Cancer Screening

Is your cancer screening up to date?

Cancer screening helps to detect illness at an early stage when treatment is likely to work best. Cancer Screening includes FIT stool testing, mammograms, and pap tests.

FIT Stool Test for Colon Cancer Screening

With early detection, 9 out of 10 people with colon cancer can be cured. In later stages, treatment may not be as effective. This is why FIT screening is so important. Better still, the testing is painless and quick.

A FIT stool test should be performed every 2 years in people ages 50 to 74 who are average risk for colorectal cancer.

If you have a family history of colon cancer or polyps or you've experienced rectal bleeding, FIT screening may not be the right screening choice for you.

Click here to send a message to see if you are due.

Click here to request a kit be mailed to you. 

Please note: It takes 3-4 weeks to receive the kit in the mail and it needs to be completed and returned within 5 months.

Routine Mammogram for Breast Cancer Screening

Getting screened regularly with mammography is important because it can find cancer early when it is less likely to have spread to other parts of the body. Treatment may also have a better chance of working when breast cancer is found early.

Most women between the ages of 50-74 are recommended to have a mammogram every 2 years. Some women (those with dense breasts or a strong family history of breast cancer) may be advised to have annual mammograms.

To book your mammogram, you can call 1-800-668-9304 or choose a location near you from this website:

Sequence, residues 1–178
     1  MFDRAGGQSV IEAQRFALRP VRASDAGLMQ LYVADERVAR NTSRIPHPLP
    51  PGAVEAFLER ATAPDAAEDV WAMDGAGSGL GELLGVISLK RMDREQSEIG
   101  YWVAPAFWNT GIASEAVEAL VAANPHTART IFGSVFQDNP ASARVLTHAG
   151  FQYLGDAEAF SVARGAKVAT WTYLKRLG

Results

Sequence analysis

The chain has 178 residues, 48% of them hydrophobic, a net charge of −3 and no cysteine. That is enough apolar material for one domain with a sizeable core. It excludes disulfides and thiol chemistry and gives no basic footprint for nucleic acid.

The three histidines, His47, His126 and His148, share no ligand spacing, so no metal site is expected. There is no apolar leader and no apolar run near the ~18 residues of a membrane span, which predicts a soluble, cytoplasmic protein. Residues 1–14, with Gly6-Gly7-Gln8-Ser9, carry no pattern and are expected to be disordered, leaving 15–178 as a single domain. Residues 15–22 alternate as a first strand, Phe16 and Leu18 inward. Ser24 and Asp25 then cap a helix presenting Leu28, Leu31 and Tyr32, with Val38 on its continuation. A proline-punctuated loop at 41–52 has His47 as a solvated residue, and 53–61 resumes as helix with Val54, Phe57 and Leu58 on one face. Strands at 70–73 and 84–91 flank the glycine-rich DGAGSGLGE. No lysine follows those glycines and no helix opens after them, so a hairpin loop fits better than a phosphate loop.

Click here to send a message to see if you are due.

Pap Test for Cervical Cancer Screening

A Pap test can detect cell changes in the cervix that may lead to cancer before people feel any symptoms. It is important that these cell changes are found and, if necessary, treated before they can cause cervical cancer.

Currently, the Ontario Cervical Screening Program recommends that anyone with a cervix (women, transmasculine and non-binary people) who is or ever has been sexually active have a Pap test every 3 years starting at age 25.  If you are under 25, talk to your family doctor or nurse practitioner about whether you should wait until age 25 before starting cervical screening with the Pap test. 

You can stop regular screening with Pap tests at the age of 70 if you have had 3 or more normal tests in the previous 10 years.

Eligible people need to get cervical screening even if they:

  • feel healthy and have no symptoms
  • are no longer sexually active
  • have only had 1 sexual partner
  • are in a same-sex relationship
  • have been through menopause
  • have no family history of cervical cancer
  • have received the HPV vaccine

People who have had a hysterectomy should talk to their doctor or nurse practitioner to see if they need to continue cervical screening.

Click here to send a message to see if you are due.

Click here to book online.

Please note: Pap test appointments can be booked with either your physician or one of our Registered Nurses, whichever you prefer.